When you try to please everyone else, you will fail because it’s impossible. The person who ends up the most unhappy is you. I used to be an Olympic-level people pleaser. I tried to make others happy and dodge their displeasure at the cost of my own happiness. With this mentality, I created a world in which I placed my well-being in the hands of others for them to crumple like a piece of paper…and they did.
I realize, now that my people pleasing tactics were really a veiled attempt to sway others’ judgment of and reciprocation to me. While compassion and generosity are generally positive attributes, I gave from a place of insecurity, low self-esteem, and a sense of lack, unknowingly, in an attempt to bolster my feelings about myself. That’s giving to get — which is really taking in the end. Read more
2. Putting yourself down
What you say and think to yourself can help you or hurt you. Your inner dialogue is mostly below your conscious awareness and is made up of implicit memories from childhood. You can support, encourage, and reassure yourself with your self-talk or you can contribute to the downward spiral of depression and anxiety. Your repetitive thoughts actually change your brain connections and patterns to create more of the same. It’s a feedback loop.
My inner voice used to be a real witch. Just vicious. Years ago, she constantly told me that I wasn’t a good enough wife, mother, friend, daughter…you name it; that I couldn’t possibly make it on my own; that I needed a man to be valued; that I wasn’t smart enough or strong enough, blah, blah blah…. Since then, I’ve made huge strides in my personal growth. I shut the witch up, learned to actually like myself, and extend myself compassion.
3. Living in the past
In any life, there’s always going to be pain, joy, and everything in between. Past, present, and future. Expect it. It’s normal. However, painful memories from the past don’t have to consume your life and haunt you forever. They are in the past. They can stay there.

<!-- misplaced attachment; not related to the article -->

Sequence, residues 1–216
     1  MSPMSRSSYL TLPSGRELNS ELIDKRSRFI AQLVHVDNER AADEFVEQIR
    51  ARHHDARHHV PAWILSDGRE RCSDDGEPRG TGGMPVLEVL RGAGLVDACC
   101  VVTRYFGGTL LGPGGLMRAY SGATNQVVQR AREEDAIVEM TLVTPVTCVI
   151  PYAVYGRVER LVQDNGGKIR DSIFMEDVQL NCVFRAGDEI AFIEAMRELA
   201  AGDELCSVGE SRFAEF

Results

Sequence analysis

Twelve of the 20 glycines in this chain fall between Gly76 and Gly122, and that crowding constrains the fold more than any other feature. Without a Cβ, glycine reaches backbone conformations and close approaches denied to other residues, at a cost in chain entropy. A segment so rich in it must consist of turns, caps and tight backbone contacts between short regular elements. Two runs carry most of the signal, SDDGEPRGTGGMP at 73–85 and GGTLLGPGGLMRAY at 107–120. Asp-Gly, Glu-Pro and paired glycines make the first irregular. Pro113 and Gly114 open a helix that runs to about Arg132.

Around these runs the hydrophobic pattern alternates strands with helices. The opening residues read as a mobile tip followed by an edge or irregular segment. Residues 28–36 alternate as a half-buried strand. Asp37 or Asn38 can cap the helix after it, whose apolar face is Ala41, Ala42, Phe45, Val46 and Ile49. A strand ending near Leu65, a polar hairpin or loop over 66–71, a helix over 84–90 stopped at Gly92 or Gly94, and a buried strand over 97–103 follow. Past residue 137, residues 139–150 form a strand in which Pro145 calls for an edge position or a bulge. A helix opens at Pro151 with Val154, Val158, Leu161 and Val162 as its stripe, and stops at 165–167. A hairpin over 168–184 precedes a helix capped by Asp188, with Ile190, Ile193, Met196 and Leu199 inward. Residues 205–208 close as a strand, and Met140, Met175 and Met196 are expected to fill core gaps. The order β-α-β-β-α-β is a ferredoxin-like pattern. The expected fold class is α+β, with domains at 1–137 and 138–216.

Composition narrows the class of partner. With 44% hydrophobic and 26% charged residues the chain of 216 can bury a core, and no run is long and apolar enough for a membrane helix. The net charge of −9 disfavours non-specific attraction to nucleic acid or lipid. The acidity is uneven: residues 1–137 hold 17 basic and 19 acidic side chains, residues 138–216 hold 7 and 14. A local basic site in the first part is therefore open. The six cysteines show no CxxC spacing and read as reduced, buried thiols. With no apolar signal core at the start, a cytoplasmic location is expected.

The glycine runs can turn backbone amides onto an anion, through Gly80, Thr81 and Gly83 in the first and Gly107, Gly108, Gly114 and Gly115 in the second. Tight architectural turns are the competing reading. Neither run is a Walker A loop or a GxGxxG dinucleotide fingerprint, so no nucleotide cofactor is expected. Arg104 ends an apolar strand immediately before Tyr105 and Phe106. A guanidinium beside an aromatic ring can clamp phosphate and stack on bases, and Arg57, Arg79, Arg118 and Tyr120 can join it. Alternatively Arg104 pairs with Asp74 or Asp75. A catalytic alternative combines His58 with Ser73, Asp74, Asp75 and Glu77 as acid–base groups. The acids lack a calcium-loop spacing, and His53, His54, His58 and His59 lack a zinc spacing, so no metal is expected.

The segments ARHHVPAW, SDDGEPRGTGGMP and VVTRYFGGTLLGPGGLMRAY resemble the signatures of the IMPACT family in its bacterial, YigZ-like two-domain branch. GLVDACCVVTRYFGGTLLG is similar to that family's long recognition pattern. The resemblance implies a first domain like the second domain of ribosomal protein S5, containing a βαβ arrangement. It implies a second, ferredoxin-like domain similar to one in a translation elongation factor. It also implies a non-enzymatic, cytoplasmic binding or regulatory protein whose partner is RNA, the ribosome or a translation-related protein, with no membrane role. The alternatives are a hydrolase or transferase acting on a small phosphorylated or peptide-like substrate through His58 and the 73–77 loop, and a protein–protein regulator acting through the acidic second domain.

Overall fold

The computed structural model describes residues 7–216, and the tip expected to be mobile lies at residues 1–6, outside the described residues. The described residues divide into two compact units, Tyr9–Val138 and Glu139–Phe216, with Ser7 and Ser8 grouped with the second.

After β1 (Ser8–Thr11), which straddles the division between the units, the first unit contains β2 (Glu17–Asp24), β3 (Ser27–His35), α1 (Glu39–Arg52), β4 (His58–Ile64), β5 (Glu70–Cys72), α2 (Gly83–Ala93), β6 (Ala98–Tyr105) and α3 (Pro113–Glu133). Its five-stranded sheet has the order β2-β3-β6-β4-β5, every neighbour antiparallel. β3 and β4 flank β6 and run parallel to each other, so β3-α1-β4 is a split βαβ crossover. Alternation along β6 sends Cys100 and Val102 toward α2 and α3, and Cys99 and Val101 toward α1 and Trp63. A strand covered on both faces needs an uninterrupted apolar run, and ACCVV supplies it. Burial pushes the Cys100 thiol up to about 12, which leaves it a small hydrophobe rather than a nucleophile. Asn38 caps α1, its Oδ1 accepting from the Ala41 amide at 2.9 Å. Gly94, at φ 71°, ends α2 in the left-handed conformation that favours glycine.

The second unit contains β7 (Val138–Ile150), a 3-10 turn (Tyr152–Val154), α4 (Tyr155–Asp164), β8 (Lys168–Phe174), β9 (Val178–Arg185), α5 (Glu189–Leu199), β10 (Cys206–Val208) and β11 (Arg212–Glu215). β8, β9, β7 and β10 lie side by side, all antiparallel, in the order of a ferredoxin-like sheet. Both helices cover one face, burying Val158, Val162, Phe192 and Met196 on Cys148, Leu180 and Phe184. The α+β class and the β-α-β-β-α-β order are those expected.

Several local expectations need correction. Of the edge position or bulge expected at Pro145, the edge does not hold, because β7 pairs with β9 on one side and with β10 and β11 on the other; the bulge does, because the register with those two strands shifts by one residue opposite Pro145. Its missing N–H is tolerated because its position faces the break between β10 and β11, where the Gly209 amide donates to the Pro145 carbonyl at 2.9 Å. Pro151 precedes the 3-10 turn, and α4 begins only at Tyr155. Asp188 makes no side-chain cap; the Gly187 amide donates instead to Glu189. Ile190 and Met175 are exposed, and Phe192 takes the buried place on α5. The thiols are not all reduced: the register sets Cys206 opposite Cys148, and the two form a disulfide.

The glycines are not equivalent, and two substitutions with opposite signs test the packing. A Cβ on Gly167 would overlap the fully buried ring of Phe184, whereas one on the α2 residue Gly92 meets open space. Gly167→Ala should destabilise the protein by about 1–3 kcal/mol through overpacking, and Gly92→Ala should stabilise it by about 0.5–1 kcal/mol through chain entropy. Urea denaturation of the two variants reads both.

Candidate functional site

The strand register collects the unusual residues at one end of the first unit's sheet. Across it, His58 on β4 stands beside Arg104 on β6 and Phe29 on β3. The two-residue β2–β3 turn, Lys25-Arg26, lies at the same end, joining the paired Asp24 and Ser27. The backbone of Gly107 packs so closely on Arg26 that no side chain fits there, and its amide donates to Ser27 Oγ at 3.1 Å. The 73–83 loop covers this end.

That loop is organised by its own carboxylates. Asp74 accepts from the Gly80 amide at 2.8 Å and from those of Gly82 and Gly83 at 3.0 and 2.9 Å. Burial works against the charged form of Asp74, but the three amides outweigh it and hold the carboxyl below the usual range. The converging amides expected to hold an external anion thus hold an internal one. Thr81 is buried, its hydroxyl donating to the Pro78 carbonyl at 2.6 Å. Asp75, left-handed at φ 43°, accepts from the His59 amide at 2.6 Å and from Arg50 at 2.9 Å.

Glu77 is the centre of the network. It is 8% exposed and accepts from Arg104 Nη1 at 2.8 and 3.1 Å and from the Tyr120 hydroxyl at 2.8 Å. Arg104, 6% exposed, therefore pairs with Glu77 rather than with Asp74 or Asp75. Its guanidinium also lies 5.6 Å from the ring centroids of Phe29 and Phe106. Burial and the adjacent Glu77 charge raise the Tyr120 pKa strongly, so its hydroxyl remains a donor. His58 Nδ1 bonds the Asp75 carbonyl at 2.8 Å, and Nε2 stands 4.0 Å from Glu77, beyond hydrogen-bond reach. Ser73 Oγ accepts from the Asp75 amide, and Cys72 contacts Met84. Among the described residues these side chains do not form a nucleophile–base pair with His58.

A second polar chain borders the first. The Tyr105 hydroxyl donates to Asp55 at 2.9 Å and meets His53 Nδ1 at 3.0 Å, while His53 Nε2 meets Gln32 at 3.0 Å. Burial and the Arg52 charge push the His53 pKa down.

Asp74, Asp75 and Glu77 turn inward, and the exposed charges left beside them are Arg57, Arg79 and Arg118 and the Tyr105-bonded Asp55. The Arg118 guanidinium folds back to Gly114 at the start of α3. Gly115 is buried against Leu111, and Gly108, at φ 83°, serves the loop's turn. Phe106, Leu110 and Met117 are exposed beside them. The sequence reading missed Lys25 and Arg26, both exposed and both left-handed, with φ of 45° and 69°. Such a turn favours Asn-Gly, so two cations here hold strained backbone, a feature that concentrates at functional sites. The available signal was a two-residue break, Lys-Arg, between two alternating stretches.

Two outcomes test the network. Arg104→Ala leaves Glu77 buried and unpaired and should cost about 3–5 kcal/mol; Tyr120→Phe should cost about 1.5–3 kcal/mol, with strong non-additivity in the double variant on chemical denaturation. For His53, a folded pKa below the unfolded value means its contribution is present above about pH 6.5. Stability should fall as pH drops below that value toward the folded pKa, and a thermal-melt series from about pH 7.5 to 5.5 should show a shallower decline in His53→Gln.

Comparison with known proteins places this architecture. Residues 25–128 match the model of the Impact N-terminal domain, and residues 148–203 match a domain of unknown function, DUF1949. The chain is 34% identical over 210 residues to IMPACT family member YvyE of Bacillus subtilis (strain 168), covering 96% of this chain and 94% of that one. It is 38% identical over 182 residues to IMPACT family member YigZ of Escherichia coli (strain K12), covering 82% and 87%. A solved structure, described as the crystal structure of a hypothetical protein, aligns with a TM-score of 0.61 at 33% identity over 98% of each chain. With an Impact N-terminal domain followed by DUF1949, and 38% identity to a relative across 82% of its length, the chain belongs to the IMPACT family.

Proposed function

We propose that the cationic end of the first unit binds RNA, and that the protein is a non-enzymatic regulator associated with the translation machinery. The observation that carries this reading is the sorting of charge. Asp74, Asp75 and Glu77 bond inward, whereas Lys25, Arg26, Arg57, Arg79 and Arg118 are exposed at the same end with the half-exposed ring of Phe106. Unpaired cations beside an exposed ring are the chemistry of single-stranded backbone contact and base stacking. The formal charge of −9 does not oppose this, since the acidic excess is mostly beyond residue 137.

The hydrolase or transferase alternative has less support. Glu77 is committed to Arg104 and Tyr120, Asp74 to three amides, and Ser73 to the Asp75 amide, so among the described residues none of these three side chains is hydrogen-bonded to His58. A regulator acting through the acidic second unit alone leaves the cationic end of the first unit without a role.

I’m not suggesting that you can magically make the pain go away or the horrible memories disappear. I’m suggesting that you can choose not to torture yourself and make the pain grow stronger. You can learn to bring your mind back to the present moment.
You do not have to keep revisiting the pain of your past and bringing it into your current life. Every time you do, you are fortifying the hurtful memory’s pathway in your brain. You can torture yourself with painful thoughts or you can learn to pair them with better feeling thoughts and memories. Doing this actually changes the way the memories are stored in your brain. Read more
4. Fearing change
Your brain doesn’t merely prefer certainty over ambiguity. It craves it and will pursue the known every time. This tendency, called “certainty bias,” is an illusion. The only thing that’s certain is uncertainty. To your brain, the uncertainty that comes with change is a threat which sets off the alarms. Your brain wants to return to the known to regain a sense of calm.
As someone who used to be plagued by fear of change, I’ve realized that in uncertainty lies all possibility. Think about that one for a minute. If nothing ever changed, nothing bad would happen, but nothing good would either.
When you get an anxious, fearful feeling, you need to ask yourself if it’s really warranted or just an instinctual reaction of your brain’s amygdala, the fear center, to something challenging, unfamiliar, or uncomfortable. From your brain’s perspective to get over a fear — of change or anything, — you have to feel it, expose yourself to it, and process it. Read more
Your mind has a mind of its own and races around at one hundred miles an hour jumping from one thing to the next. Sometimes, the random thoughts that pop into your head are amusing. Sometimes, they send you straight into a panic. Most of the time, they’re of the worrisome, negative, and not-very-nice variety. While you cannot control the random thoughts that pop into your head, you can consciously choose which ones you believe and act and focus on. You can also take steps to alleviate anxiety and declutter your mind.
Research shows that there’s a predictable pattern of neurological activity that’s your brain’s go-to state when it’s at rest or not actively engaging with its environment. That’s when it’s prime to overthink or ruminate. I’m sure you’re familiar with ruminating thoughts – even if you don’t call them that. Worrying is ruminating. Replaying the pain of the past is ruminating. It’s when your mind grabs hold of something and goes over and over it without any productive outcome. It’s exhausting, stressful, and no fun at all.
Rumination is really your brain’s superior problem-solving capabilities stuck in overdrive. You can stop overthinking and interrupt the rumination cycle by consciously shifting your attention which changes your brain patterns over time. Read more